“We said how can we take Apple’s brilliance at the premier end of the market and translate it to a market that Apple has no interest to participate in?” Sculley told Gulf Business. “Which is a very different price point, but yet there are a lot of young people who just don’t have the budget to be able to buy a smartphone at a higher price.”

While Sculley believes that Obi Mobile’s budget devices are ideally suited for emerging markets, he noted that his former co-worker Steve Jobs might disagree. “Steve being Steve would say, you can do alot better,” Sculley told Gulf Business. Obi Mobile recently launched five low-cost smartphone models in the Middle East.

Source: Thinkstock

Source: Thinkstock

Android

Android, the Google-owned rival to Apple’s iOS mobile operating system, began its life as a startup founded by former Apple engineer Andy Rubin. As detailed in The New York Times, Rubin started working for Apple in 1989 after a chance encounter with software engineering manager Bill Caswell. After he left Apple in 1992, Rubin became involved in several different innovative companies before eventually co-founding Android Inc. in 2003. Android was acquired by Google in 2005 and soon became the world’s dominant mobile operating system with an almost 85 percent share of the worldwide smartphone market, according to IDC.

While Rubin is unquestionably one of the most successful former Apple employees, he is also one of the most controversial, at least from Apple’s perspective. Although Rubin worked at Apple before the iPhone era, the Cupertino-based company has claimed in court documents that the former employee derived some inspiration for the Android platform from his time working there, as reported by FOSS Patents.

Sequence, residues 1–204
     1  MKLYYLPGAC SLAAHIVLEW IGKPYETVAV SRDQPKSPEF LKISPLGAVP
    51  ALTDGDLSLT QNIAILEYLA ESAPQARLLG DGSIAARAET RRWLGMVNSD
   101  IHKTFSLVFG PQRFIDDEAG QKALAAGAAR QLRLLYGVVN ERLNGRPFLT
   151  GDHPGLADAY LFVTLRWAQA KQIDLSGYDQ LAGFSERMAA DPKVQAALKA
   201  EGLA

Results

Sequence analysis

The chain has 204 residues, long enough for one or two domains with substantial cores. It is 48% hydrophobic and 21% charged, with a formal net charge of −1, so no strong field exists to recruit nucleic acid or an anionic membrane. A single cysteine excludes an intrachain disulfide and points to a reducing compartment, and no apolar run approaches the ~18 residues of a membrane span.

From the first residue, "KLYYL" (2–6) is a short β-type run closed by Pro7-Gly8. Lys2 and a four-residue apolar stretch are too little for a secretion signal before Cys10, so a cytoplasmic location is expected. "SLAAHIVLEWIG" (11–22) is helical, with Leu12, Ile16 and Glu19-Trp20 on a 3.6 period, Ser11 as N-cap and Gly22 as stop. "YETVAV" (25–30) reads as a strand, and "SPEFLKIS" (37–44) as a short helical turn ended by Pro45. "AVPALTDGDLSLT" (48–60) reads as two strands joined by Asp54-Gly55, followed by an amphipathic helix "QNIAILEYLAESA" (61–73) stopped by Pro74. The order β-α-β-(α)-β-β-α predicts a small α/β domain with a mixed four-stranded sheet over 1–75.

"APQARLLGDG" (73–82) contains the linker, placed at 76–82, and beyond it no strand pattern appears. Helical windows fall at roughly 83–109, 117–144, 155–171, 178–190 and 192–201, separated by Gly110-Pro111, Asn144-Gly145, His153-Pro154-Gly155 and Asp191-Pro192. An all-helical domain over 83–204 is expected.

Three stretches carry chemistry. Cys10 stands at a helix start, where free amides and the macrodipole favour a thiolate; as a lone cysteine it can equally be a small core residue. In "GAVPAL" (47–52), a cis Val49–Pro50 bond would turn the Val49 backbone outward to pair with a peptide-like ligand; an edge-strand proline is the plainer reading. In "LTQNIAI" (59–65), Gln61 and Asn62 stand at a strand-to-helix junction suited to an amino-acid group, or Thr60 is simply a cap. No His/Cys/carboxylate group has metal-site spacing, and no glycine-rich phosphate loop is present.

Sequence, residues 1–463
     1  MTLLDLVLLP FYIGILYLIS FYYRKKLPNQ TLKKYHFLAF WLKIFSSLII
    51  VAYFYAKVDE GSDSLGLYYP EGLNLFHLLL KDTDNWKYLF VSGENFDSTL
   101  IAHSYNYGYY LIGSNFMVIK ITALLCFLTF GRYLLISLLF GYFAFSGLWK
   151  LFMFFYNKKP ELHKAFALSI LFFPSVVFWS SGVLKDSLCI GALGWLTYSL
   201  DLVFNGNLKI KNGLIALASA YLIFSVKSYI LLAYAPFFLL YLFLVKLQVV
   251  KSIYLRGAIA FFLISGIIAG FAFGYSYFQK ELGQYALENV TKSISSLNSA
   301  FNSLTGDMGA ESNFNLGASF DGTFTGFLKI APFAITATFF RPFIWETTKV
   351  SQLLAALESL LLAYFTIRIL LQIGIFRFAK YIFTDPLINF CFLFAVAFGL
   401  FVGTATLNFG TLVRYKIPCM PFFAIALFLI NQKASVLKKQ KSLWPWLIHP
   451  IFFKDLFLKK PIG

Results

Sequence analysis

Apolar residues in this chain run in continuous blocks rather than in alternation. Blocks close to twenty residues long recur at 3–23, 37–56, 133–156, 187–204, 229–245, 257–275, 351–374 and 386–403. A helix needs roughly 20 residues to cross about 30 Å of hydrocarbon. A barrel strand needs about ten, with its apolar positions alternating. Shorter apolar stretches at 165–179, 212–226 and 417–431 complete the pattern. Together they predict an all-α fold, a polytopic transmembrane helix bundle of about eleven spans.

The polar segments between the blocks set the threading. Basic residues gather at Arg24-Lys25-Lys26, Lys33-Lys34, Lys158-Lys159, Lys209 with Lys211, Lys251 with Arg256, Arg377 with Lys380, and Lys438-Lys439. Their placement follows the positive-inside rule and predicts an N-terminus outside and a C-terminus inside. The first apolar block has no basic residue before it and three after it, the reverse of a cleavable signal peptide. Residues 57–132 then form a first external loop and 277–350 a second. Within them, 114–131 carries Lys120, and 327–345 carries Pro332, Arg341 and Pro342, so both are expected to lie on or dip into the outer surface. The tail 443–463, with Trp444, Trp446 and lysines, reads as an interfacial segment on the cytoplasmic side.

(Photo by Michal Czerwonka/Getty Images)

Michal Czerwonka/Getty Images

Electronic Arts

Trip Hawkins, the founder of video game maker Electronic Arts, was also an employee of Apple during the company’s early years. As described in Forbes’ profile of Hawkins, the video game entrepreneur “deliberately” pursued a job at Apple in 1978, where Steve Jobs taught him how to “think of himself as creative and unstoppable.” In 1982, Hawkins left the Cupertino-based company and founded Electronic Arts with $200,000 of profits from his Apple stock. Today, Electronic Arts has a market capitalization of over $11 billion.

Although Forbes reported that Jobs saw Hawkins’s departure as an “act of betrayal,” the two tech company pioneers had a respectful, albeit sometimes contentious relationship. While Hawkins is no longer involved with the day-to-day operations of Electronic Arts, he has gone on to lead several other startups, including a company called If You Can that makes an app that teaches children social and emotional skills.

Source: path.com

Source: path.com